As a debate coach, the most common question I get asked is this: In the Democratic field, who can stand up to President Trump in a debate?

Last night's performance gave us at least one clear answer to that question. The candidates' debate grades say it all.

A+ Elizabeth Warren

Warren hit all the right notes with her tone, demeanor, language choices and especially her policy-specific answers. She struck the right balance between progressive and pragmatic while pounding away at corporations, the rigged system, greed by insurance and pharmaceutical companies and more.

I first realized Warren was owning the debate stage at the onset of the event -- actually, during a mistake she made. She decided to begin an anecdote about Ady Barkan, a man with ALS who was being failed by a broken health care system. Unfortunately, Warren ran out of time to tell the whole story. But, on her next speaking turn, she continued the anecdote to some mild chuckles from the audience. What she did next was perfect. She looked at the audience and said, "This isn't funny. This is somebody who has health insurance and is dying."

She lectured the audience and didn't give a damn what they thought. And she continued dominating throughout the evening.
To Delaney: "I don't understand why anybody goes to all the trouble of running for president of the United States just to talk about what we really can't do and shouldn't fight for."

To the voters: "We can't choose a candidate we don't believe in just because we're too scared to do anything else... Democrats win when we figure out what is right and we get out there and fight for it. I am not afraid. And for Democrats to win, you can't be afraid, either."

To everyone: "We need to call out white supremacy for what it is: Domestic terrorism."
Importantly, Warren's policy answers also were the best on stage, with her explanations of why we must change the immigration laws (because we shouldn't ignore laws) and how a no first-use policy on nuclear weapons will make a safer world. My own debate teams have won countless rounds on this very argument.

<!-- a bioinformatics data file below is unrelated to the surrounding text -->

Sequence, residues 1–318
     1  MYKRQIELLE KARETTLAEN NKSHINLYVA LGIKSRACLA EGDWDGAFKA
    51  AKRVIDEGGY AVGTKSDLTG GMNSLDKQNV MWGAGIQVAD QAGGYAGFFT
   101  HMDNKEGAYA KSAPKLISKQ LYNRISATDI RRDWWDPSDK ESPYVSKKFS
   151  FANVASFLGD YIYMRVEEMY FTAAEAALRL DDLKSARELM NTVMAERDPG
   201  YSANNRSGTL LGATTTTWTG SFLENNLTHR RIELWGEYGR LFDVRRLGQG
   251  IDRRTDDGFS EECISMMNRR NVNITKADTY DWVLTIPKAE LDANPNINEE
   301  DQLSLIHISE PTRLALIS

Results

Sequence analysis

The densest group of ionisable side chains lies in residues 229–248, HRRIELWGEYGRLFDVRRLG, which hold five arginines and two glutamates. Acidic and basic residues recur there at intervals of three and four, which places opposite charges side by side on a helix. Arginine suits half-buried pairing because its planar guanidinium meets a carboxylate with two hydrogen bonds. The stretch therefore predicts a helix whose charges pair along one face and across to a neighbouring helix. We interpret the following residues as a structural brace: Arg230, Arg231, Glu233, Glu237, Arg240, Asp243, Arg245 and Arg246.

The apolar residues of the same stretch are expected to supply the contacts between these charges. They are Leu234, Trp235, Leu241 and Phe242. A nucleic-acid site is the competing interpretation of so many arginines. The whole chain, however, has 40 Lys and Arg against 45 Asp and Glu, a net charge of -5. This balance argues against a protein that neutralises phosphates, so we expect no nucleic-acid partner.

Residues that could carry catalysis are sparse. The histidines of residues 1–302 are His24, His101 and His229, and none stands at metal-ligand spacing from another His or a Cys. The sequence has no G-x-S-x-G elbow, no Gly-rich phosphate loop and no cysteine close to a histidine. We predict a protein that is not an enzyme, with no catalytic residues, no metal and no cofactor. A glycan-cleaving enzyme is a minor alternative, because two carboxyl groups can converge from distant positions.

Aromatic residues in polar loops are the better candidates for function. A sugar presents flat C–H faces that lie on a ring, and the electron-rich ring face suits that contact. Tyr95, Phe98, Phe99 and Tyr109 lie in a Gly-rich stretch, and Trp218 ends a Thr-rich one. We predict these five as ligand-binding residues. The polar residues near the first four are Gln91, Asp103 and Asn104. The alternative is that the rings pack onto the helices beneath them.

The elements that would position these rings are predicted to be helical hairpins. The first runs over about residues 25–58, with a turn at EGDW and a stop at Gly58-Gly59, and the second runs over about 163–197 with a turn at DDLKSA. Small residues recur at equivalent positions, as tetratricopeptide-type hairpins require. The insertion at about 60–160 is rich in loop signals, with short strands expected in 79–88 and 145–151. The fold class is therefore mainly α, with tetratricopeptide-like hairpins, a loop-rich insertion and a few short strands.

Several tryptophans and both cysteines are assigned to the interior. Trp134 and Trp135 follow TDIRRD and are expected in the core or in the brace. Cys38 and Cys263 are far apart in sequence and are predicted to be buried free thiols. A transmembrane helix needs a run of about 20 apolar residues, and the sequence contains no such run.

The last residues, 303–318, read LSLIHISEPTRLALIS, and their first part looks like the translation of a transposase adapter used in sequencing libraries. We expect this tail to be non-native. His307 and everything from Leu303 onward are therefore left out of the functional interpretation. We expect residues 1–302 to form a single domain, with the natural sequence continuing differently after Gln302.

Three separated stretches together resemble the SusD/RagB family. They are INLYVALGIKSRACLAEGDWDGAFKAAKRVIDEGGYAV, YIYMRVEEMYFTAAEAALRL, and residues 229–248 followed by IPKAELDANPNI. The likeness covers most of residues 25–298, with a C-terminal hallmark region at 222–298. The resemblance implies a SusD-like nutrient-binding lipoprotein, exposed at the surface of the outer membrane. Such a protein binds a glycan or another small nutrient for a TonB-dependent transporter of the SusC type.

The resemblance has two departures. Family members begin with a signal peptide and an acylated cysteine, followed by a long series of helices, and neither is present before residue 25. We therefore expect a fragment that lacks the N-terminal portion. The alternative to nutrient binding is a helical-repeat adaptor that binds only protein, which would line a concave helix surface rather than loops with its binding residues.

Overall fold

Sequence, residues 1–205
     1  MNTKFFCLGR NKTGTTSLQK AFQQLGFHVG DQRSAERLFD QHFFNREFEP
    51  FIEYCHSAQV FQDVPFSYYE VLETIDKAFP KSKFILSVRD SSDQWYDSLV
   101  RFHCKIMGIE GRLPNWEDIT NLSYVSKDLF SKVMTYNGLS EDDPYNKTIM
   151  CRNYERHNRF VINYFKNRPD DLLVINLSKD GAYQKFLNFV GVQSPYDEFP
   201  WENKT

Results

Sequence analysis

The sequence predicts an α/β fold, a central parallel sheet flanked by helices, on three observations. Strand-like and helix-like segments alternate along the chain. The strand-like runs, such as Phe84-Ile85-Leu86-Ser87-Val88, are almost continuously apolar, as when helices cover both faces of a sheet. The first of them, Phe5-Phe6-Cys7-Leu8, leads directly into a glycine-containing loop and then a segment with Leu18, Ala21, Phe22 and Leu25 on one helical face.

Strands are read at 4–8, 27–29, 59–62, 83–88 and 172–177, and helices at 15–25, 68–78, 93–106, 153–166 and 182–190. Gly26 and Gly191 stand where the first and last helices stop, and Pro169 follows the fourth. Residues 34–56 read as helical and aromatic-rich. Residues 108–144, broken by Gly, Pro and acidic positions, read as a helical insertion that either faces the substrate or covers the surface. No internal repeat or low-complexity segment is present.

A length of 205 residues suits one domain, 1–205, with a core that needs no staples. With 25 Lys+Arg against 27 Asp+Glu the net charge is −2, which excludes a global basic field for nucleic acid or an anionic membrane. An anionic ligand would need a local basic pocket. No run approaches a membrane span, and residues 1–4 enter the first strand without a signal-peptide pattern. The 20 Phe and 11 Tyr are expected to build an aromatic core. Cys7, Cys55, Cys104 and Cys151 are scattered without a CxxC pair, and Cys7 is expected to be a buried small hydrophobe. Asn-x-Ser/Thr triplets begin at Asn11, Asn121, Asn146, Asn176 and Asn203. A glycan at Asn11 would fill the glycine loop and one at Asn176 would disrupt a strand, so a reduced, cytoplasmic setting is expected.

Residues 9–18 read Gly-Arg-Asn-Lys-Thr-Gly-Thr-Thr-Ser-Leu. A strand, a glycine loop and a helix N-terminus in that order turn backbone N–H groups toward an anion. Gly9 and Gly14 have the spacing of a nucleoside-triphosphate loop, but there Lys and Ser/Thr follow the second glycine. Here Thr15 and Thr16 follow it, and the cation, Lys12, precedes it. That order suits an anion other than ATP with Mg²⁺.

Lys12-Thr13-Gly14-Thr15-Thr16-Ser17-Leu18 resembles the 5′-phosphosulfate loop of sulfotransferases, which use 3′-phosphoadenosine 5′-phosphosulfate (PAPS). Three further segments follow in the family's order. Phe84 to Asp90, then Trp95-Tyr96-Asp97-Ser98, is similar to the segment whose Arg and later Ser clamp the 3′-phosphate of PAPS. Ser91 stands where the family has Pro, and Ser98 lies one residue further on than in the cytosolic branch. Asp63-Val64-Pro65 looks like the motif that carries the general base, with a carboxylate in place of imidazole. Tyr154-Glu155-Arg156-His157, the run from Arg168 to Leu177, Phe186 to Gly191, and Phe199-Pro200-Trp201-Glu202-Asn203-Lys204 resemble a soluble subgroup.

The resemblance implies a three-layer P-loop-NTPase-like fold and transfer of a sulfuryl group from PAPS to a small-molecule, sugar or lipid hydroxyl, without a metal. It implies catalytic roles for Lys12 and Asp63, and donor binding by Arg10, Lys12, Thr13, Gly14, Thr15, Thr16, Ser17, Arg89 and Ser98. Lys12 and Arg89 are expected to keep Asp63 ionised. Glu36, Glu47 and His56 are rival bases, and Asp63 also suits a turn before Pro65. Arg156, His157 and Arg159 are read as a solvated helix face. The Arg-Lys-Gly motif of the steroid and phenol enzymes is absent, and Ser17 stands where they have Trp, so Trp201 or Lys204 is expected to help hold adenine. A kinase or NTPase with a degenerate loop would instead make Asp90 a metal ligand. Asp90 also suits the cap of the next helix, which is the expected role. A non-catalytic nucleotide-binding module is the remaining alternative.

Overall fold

Sanders 3rd, Biden 4th in New, High-Quality California Poll

That’s why it’s significant that the best-regarded Golden State poll, taken by the Public Policy Institute of California (PPIC), is showing a turnabout in the nomination contest. Here’s PPIC’s terse summary of its findings:

Based on an open-ended question, the frontrunners are Kamala Harris (19%), Elizabeth Warren (15%), Bernie Sanders (12%), and Joe Biden (11%). Pete Buttigieg (5%) is the only other candidate supported by at least 5 percent, while 25 percent say they don’t know.

Most election preference polls utilize lists of candidates. An open-ended poll, requiring respondents to volunteer their favored candidate, is arguably more accurate, but if anything it puts a thumb on the scale for the better-known rivals. So the fact that the best-known candidates, Joe Biden and Bernie Sanders, are running, respectively, fourth and third in this survey is a big and surprising development.

Harris’s lead in PPIC’s open-ended poll is, of course, good news for the Californian. She leads the field among self-identified liberals and moderates alike and in every major region. What this really means is that whoever comes steaming out of the early states with momentum will be in a position to win a lot of delegates in California. If PPIC’s findings are any indication, the state will not be any sort of firewall for Joe Biden if he stumbles in Iowa or New Hampshire or Nevada or South Carolina. It could, in fact, represent the death knell for his campaign. But at this point Biden leads in all the four early states. He’d better do well before the contest splits to the Left Coast. There’s no comfort there for him.